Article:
Starless Clumps and the Earliest Phases of High-mass Star Formation in the Milky Way
AdvisorShirley, Yancy L.
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PublisherThe University of Arizona.
RightsCopyright © is held by the author. Digital access to this material is made possible by the University Libraries, University of Arizona. Further transmission, reproduction, presentation (such as public display or performance) of protected items is prohibited except with permission of the author.
EmbargoRelease after 03/07/2019
AbstractHigh-mass stars are key to regulating the interstellar medium, star formation activity, and overall evolution of galaxies, but their formation remains an open problem in astrophysics. In order to understand the physical conditions during the earliest phases of high-mass star formation, I present observational studies of dense starless clump candidates (SCCs) that show no signatures of star formation activity. I identify 2223 SCCs from the 1.1 mm Bolocam Galactic Plane Survey, systematically analyze their physical properties, and show that the starless phase is not represented by a single timescale, but evolves more rapidly with increasing clump mass. To investigate the sub-structure in SCCs at high spatial resolution, I present an analysis of the 12 most high-mass SCCs within 5 kpc using Atacama Large Millimeter/sub-millimeter Array. I report previously undetected low-luminosity protostars in 11 out of 12 SCCs, fragmentation equal to the thermal Jeans length of the clump, and the discovery of two high-mass starless core candidates. While uncertainties remain concerning the star formation efficiency in this sample, these observational facts are consistent with models where high-mass stars form from initially low- to intermediate-mass protostars that accrete most of their mass from the surrounding clump.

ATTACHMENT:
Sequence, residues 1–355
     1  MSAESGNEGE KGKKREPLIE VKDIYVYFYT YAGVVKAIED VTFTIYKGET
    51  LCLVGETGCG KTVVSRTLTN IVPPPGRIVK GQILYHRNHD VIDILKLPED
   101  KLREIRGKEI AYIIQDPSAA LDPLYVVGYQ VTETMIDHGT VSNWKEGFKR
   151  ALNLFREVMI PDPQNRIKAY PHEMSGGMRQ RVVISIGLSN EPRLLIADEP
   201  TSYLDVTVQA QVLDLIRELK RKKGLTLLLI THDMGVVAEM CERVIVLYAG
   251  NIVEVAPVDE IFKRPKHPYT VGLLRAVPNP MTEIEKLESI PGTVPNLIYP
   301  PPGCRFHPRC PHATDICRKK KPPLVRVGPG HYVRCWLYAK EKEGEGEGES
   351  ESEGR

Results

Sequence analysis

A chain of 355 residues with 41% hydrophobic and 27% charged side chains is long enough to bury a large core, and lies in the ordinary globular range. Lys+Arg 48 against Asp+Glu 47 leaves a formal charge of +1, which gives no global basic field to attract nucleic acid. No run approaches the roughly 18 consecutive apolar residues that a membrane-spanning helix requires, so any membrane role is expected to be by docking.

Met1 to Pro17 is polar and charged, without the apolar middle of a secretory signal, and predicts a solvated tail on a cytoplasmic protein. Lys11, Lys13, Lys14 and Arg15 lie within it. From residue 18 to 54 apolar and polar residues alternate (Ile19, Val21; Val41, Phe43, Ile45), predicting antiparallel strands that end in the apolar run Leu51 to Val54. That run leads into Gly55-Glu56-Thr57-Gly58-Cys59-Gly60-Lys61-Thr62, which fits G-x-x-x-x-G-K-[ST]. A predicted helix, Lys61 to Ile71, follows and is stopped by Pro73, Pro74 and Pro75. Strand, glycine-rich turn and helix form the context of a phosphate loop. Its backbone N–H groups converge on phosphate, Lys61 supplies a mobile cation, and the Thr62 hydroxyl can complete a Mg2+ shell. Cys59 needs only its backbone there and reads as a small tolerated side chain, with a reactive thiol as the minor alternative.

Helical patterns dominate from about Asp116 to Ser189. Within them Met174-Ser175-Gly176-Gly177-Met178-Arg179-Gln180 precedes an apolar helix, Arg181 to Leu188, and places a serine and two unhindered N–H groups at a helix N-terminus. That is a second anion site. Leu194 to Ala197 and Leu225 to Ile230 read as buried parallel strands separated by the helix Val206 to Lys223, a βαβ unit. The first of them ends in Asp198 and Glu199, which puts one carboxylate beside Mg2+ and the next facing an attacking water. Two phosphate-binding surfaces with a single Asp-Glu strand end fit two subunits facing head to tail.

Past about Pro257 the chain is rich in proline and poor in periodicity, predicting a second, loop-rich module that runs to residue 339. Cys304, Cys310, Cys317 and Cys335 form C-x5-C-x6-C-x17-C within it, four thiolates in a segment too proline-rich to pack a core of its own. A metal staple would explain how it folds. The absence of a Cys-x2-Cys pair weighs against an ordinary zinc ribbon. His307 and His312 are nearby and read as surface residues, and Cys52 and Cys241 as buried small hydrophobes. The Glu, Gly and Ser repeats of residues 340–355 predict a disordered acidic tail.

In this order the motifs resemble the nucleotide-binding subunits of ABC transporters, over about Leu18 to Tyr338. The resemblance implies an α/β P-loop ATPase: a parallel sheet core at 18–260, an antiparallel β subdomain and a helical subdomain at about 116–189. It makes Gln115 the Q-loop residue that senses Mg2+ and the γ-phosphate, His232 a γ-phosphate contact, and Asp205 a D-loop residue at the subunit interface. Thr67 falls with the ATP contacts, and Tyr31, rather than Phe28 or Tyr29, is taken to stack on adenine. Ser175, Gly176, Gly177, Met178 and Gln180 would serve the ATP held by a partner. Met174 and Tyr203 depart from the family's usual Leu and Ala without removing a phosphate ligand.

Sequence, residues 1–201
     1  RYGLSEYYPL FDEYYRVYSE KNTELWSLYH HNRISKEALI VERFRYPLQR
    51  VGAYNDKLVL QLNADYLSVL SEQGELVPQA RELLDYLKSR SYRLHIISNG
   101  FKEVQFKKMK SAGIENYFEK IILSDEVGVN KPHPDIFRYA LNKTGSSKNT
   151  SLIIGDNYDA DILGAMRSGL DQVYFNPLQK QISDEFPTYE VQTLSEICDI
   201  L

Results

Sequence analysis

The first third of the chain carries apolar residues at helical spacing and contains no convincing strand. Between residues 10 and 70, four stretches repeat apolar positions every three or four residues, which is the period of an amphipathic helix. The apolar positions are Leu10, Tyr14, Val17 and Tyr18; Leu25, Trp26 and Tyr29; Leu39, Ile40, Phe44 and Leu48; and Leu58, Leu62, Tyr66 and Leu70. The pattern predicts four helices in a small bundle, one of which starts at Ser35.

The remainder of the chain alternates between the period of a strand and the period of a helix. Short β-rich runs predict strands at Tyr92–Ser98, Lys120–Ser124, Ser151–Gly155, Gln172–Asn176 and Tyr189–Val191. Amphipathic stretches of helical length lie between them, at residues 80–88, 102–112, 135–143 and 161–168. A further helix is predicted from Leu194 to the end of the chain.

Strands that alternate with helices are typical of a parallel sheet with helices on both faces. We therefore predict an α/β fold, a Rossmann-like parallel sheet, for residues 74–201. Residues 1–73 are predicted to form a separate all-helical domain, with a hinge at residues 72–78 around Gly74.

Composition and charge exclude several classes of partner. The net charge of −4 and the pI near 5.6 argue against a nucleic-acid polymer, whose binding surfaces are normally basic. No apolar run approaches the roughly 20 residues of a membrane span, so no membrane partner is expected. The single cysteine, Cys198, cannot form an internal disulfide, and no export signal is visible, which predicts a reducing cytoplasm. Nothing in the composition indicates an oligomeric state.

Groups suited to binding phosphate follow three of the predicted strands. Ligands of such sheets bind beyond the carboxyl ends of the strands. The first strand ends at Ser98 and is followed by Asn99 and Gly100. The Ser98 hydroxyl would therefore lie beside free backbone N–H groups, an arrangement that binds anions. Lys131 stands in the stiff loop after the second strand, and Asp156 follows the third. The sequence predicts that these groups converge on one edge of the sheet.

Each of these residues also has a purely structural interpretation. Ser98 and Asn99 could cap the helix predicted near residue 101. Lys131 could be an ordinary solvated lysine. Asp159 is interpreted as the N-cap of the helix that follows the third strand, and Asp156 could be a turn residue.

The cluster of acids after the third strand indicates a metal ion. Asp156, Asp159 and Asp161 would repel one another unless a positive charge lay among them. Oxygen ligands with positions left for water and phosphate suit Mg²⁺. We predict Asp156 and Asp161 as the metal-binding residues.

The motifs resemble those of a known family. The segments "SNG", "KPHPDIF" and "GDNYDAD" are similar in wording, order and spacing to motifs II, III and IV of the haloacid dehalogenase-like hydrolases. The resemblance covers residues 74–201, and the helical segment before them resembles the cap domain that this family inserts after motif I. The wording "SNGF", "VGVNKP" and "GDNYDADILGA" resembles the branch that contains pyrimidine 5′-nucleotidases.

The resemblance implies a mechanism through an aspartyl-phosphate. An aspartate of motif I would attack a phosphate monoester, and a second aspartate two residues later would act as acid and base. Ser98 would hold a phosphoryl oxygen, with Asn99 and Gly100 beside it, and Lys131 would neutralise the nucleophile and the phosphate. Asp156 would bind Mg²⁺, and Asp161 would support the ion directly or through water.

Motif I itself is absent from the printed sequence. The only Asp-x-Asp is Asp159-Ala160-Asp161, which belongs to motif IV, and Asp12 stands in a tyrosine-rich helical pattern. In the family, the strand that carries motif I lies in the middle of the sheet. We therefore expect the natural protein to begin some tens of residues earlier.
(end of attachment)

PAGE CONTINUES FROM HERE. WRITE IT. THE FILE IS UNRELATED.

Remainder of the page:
Degree ProgramGraduate College